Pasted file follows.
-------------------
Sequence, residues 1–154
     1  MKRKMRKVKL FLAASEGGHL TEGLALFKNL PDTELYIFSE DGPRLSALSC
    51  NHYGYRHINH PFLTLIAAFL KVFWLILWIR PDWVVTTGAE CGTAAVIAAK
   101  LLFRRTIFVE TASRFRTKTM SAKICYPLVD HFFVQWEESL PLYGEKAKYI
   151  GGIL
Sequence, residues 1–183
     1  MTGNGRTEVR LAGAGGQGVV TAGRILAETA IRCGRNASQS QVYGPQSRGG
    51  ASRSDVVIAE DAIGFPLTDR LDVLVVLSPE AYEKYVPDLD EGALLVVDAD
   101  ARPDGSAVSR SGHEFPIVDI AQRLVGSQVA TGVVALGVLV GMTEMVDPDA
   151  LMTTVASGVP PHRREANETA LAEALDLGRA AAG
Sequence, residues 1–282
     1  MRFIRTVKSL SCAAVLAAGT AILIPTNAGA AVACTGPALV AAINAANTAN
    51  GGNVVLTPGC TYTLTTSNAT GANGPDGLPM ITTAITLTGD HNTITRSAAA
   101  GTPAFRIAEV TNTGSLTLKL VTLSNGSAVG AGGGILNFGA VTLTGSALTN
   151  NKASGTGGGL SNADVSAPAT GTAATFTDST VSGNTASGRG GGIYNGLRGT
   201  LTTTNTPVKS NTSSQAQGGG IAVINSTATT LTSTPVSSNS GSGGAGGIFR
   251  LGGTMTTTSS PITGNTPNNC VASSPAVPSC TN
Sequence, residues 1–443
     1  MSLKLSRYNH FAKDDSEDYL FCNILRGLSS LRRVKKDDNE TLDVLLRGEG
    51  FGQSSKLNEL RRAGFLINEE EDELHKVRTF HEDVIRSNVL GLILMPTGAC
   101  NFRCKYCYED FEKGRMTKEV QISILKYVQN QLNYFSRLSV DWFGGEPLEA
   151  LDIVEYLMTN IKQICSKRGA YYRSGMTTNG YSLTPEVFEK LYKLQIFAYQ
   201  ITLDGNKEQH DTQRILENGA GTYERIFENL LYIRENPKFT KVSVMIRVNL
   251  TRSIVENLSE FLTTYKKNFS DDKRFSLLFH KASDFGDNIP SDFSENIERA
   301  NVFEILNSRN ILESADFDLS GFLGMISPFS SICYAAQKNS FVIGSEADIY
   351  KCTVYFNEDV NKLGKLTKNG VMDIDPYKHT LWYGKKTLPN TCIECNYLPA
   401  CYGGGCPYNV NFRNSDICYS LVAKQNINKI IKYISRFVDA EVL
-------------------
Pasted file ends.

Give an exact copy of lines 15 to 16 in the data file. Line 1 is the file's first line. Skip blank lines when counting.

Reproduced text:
   151  NKASGTGGGL SNADVSAPAT GTAATFTDST VSGNTASGRG GGIYNGLRGT
   201  LTTTNTPVKS NTSSQAQGGG IAVINSTATT LTSTPVSSNS GSGGAGGIFR